For as long as Gary Taubes and Robert Lustig have been sounding the alarm about sugar (in general) and fructose (in particular) being the fall of Western civilization, I have been attempting to inject some much-needed perspective into the discussion. (See the bottom of the post for links to my articles dating back to 2007).
In my opinion, the black-and-white view promoted by Taubes and Lustig is counter-productive. Instead of helping people set reasonable limits on their sugar intake, they’ve got people afraid to have an apple for fear of the fructose it contains.
If you eat large quantities of sugar — say, 25% or more of your daily calories for an extended period of time–you may well experience the doomsday scenario that Taubes and Lustig depict–fatty liver, altered metabolism, increased appetite, diabetes, obesity, and reduced life expectancy. On the other hand, these effects have not been seen in people (or rats) who consume sugar in moderate quantities.
Although the New York Times invited Taubes to beat his well-worn drum for a few thousand words in his recent cover story for the New York Times Magazine, at least they also allowed Gretchen Reynolds (“Phys Ed”) equal time this week, offering another way to allay your fears about sugar and/or fructose: Move your patooty.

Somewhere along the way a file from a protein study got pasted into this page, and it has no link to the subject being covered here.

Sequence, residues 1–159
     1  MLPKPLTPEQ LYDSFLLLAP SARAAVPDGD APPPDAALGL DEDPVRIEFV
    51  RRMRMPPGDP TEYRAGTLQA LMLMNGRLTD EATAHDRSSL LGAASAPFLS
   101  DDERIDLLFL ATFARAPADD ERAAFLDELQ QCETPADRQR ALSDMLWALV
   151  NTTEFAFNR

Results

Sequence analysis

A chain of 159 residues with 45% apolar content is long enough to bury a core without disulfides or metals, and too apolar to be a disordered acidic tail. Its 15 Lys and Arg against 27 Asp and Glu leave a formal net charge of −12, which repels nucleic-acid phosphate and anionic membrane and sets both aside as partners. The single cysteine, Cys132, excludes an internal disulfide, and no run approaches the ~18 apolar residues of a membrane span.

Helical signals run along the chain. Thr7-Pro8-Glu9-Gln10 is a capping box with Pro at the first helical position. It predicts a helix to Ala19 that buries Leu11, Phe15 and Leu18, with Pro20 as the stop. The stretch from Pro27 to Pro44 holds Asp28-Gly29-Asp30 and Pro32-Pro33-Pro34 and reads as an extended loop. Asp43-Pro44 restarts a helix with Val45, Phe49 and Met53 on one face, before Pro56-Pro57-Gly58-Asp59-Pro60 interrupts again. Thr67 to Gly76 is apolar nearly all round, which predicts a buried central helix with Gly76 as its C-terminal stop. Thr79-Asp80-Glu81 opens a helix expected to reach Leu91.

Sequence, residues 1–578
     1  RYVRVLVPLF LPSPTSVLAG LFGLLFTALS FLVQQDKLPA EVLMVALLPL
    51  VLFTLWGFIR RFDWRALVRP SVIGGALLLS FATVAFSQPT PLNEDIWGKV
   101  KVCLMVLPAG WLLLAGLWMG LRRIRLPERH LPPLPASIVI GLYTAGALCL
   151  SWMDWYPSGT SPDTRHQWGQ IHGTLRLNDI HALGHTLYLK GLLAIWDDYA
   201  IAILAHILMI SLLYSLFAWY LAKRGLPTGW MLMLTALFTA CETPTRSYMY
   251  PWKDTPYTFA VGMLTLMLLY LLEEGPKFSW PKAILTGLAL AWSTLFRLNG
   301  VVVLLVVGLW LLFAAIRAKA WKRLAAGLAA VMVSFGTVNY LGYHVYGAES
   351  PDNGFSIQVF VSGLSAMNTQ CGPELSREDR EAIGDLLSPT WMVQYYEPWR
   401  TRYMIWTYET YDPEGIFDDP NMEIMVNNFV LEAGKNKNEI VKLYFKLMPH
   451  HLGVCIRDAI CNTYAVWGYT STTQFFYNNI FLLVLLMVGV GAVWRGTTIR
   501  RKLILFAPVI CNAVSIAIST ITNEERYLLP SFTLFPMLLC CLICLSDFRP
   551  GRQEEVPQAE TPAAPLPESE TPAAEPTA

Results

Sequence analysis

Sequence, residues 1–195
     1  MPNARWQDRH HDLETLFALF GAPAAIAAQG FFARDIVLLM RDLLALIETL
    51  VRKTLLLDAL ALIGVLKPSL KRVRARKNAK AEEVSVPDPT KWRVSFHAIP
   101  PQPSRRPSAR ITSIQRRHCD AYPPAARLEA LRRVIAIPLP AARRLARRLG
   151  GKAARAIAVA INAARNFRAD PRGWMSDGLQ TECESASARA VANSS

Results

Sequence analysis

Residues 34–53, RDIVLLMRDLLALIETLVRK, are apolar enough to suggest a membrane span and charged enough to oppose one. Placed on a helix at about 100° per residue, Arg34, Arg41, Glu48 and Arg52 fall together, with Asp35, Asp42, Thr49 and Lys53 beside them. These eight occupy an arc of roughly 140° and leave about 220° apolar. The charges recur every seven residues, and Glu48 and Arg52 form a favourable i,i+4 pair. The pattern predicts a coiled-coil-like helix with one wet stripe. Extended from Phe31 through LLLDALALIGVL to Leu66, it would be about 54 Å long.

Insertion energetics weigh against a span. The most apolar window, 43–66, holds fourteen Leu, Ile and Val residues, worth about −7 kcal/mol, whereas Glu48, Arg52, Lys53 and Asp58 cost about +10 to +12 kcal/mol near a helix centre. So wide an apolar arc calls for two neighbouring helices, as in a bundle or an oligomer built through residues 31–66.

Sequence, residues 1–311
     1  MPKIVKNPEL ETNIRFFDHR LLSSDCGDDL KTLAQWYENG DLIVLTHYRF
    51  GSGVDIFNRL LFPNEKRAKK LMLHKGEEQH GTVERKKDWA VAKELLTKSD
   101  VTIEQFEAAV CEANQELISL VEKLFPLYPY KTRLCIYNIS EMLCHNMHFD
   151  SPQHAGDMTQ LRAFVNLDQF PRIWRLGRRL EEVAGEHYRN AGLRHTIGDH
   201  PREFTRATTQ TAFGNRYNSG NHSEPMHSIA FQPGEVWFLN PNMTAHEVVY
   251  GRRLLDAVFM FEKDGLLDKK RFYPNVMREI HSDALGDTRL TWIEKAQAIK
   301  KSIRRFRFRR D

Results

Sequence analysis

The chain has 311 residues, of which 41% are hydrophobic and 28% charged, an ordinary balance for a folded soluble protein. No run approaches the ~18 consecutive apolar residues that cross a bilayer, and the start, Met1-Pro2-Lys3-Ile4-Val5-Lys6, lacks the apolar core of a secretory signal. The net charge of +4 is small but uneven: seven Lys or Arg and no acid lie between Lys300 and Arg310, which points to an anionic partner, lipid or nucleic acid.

Exercise Mitigates Effects of Sugar
Reynolds reviews a handful of recent studies, confirming what anyone who has been paying attention has known all along: Exercise – even moderate exercise – innoculates you against most of the harmful effects of sugar consumption. In fact, fructose – that most reviled of all sugars – appears to enhance the benefits (yes, you read correctly, benefits) of ingesting sugar during or after exercise.
Fill in the Gaps
The whole thing reminds me of a really dumb game we used to play in college. The gag was that the true meaning of a Chinese fortune cookie was revealed by appending the words “in bed.” You will be wildly successful…in bed. A stranger will bring you good news…in bed. Hard work brings the desired result…in bed.
Did we ever crack ourselves up! (Hey, we were college students.)
I suggest you use a similar tactic the next time you encounter a rant about the evils of sugar. Add the words “when you eat it in excessive quantities and lead a sedentary lifestyle.” Sugar can make you fat, sick, and maybe even prematurely dead…when you eat it in excessive quantities and lead a sedentary lifestyle.
You can make yourself nuts trying to rid your diet of every trace of sugar. Or, you can change the second half of the sentence.
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